Friday, January 06, 2012

Lack of education apparently leading to rise in HIV and AIDS cases in the Navajo Nation

HIV infections drop or reamain steady in other parts of the country, but are rising sharply in the Navajo Nation, reports Stephen Ceaser of the Los Angeles Times. Poverty, poor education, alcohol abuse and a culture where talking about death causes it all combine to create an environment where the virus can spread, and where many know little about it until they contract it.

Ceaser reports the 35 new cases of HIV infection a year seems small when compared to the 173,600 people living on the reservation. However, that is three times the number of new cases recorded a decade ago. When the increase began in 2001, HIV cases were rare among Navajo, with cases coming from people contracting it in cities and returning home for treatment or to die. Then, Navajo began infecting other Navajo.

Many patients choose to mix modern medical treatment with traditional Navajo healing. Ceaser reports the Indian Health Service encourages this, out of respect for the Navajo and to make patients feel comfortable and optimistic about treatment. (Times photo by Barbara Davidson: Jerry Archuleta, left, and his partner, Emerson Scott)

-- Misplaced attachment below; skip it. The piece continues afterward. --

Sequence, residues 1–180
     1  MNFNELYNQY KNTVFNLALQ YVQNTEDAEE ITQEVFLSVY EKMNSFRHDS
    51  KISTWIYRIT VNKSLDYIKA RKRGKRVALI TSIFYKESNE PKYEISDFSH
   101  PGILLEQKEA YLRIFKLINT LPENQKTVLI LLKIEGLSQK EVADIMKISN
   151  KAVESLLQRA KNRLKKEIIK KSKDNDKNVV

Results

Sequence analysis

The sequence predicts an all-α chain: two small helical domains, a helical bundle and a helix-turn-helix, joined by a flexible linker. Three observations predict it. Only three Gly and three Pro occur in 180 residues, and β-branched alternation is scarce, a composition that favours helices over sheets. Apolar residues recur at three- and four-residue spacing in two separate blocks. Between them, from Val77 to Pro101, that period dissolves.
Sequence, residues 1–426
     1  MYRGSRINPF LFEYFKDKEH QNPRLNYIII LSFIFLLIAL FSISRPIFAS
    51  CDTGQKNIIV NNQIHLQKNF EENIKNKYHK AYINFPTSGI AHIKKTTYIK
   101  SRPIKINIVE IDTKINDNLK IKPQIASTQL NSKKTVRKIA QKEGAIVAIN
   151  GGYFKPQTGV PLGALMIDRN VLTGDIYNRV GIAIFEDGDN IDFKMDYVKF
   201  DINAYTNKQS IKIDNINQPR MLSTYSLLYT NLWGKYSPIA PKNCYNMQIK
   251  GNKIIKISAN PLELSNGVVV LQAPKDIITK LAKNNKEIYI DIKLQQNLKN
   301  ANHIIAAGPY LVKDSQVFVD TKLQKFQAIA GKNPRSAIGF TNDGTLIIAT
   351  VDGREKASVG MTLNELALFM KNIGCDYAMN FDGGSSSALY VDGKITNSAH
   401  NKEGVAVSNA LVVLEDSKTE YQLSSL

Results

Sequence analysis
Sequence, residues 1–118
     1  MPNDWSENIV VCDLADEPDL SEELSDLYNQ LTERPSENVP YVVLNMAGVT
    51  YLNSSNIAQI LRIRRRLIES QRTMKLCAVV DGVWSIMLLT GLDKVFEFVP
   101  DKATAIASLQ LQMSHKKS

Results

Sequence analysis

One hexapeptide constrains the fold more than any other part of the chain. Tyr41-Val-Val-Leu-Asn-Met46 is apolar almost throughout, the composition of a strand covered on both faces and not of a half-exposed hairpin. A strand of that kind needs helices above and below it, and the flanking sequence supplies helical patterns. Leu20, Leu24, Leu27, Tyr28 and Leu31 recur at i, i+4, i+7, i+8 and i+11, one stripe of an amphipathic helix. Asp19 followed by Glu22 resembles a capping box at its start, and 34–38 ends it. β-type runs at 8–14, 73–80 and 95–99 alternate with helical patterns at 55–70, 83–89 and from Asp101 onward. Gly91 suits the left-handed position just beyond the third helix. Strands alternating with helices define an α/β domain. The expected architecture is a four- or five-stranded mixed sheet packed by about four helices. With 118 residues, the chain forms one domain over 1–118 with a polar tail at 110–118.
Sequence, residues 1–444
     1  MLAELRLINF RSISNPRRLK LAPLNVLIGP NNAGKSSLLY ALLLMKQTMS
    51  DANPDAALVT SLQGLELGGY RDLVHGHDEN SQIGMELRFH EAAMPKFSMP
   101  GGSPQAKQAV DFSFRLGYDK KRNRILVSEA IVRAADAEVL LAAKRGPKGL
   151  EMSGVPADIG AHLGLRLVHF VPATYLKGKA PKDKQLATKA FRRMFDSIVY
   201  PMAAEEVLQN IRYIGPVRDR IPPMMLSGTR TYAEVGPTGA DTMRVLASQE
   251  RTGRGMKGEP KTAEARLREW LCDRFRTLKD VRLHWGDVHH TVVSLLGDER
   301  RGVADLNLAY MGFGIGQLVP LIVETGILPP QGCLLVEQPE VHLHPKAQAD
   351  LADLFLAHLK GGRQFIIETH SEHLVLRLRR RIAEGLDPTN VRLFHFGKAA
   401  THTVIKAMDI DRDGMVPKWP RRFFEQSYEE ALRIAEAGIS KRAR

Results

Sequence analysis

HIV and AIDS are widely considered a "white man's disease," and those who contract it are often shunned in the Navajo Nation. However, a small number of Navajo are coming together to educate others about the dangers of the diseases. Emerson Scott and his partner Jerry Archuleta, both HIV positive, are two. Scott stands outside his local library handing out condoms and encouraging people to get tested, though no one has accepted his offers yet. Both volunteer with the Navajo AIDS Network and several support groups for HIV and AIDS patients, spending hours with those who consider suicide. (Read more)

1 comment:

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